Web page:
Jeff Bezos touches space aboard the Blue Origin Rocket

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Whatever the reasons, Bezos ’announcement was surprising. Blue Origin CEO Bob Smith defended the plan at a pre-flight briefing, saying the two latest test flights proved that all systems were ready, and as everything that controls the spacecraft works autonomously, there was no need for human practice. “Honestly, we haven’t seen any value in gradual procedures,” he said, skipping the right to the wild part of the company’s motto. So, there would be no human test flight, but the first high-stakes trip with the boss, his brother, an octagonist and a teenager.

On the eve of the flight, the normally shy company suddenly turned to show business, releasing great videos and photos of the crew in their bright blue overalls. The original plans to house a modest newspaper contingent were dropped like a rocket, because the company invited dozens of journalists to its remote location in the desert of West Texas, where Bezos owns more than 300,000 hectares, and even a mountain range.

At 7:25 a.m. Central Daylight Time, on the company’s launch pad, passengers climbed five steps, scaling the height of a 160-foot New Shepard reusable rocket, stopping briefly at the fireproof “astronaut shelter,” a tightly closed fireproof room that can be used in case of emergency evacuation. Then Bezos led the crew to cross the celestial bridge — each ringing a silver ceremonial bell as they crossed — to the capsule, which rests on New Shepard, sex toy. At 7:34 they entered the opening and buttoned up. Funk pasted a postcard of herself as a Mercury 13 candidate on her window, with plans to photograph her when she arrives in space. At 7:43 a.m., Blue Origin technicians closed the opening and descended from the portal. It was T-minus 21 minutes.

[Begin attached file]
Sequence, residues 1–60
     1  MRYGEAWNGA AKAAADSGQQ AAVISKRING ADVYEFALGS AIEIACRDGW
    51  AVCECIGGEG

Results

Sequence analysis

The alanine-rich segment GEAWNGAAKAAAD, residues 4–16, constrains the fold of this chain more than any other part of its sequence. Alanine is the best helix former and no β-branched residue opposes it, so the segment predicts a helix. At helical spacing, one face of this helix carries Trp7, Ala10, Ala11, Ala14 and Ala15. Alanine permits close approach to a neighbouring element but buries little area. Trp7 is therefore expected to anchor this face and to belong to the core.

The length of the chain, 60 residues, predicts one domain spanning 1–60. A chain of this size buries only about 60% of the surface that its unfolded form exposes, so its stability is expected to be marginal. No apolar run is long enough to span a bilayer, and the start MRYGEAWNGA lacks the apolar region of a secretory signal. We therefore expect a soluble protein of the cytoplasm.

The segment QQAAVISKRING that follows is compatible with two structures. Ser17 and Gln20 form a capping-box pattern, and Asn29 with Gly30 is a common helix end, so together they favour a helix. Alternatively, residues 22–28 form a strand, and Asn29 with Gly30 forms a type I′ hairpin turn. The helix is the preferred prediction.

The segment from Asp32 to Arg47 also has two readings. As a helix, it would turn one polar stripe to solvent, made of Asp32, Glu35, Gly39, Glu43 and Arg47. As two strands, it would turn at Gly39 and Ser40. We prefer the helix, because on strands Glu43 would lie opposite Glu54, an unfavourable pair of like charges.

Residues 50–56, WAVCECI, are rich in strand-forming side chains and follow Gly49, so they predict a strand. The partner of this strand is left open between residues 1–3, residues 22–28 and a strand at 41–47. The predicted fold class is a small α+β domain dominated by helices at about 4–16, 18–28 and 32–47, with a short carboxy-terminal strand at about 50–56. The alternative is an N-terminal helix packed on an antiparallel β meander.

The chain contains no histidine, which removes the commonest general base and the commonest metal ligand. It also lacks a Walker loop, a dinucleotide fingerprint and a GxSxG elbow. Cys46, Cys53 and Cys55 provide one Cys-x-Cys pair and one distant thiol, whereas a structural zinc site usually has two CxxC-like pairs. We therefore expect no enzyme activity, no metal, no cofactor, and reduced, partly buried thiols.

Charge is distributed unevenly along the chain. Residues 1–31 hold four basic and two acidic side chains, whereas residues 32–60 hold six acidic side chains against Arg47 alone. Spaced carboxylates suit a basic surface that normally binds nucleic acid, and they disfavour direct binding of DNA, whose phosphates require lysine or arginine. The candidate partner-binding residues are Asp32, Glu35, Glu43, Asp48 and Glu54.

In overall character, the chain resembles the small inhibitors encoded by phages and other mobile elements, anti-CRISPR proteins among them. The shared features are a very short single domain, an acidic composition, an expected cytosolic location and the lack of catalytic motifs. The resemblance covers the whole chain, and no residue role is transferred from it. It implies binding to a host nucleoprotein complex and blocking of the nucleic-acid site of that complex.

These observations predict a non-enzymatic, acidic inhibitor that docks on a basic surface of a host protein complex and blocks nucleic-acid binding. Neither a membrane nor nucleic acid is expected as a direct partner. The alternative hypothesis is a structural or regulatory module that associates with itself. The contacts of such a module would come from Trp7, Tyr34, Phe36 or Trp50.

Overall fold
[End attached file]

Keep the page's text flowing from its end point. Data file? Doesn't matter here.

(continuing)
Two previous suborbital NASA launches – 60 years ago – involved a lot of checking scales and turning switches. Bezos and his crew had nothing to worry about: New Shepard was completely driven by intelligence. They could watch the countdown from personal viewing screens on the sides of large windows designed for a luxurious view of the Earth and space.

There were reports of possible rain, but the day was stunning and clear. The countdown continued with only a slight delay of fifteen minutes; then the counting started again. The system went through the last two minutes of checks, all done in automatic order, and then a voice from the mission control started the countdown: “10, 9, 8, 7, 6 … start the command machines, 2 1.”

At 8:12 a.m., steam poured out of the bottom of the booster for a few seconds. “We have a dismissal,” said a voice from a small control room for missions at the base. Then the rocket jumped like an arrow, floating upward until all that was left was to see the blurry control, a donut marking a temporary hole in the sky through which New Shepard had slipped.

About three minutes later, the capsule, RSS First Step, detached from the rocket and pushed past the Earth’s atmosphere. That was it: the crew was weightless. They were space travelers. While the live feed didn’t provide thousands of viewers with real-time online videos, you could make out a portion of the sound that recorded cheers as the crew unbuttoned and floated.

“Holy cow!”

“Good God!”

“Look out the window!”

“Whoooooooo!”

The New Shepard rocket had already begun landing on Earth when the capsule slowly began its journey home. A sound bang announced his return and in a burst of fire he landed safely on the pillow. Shortly afterwards, three red, white and blue parachutes were deployed. “There’s a very happy crew here, I want you to know,” Bezos told the control room.

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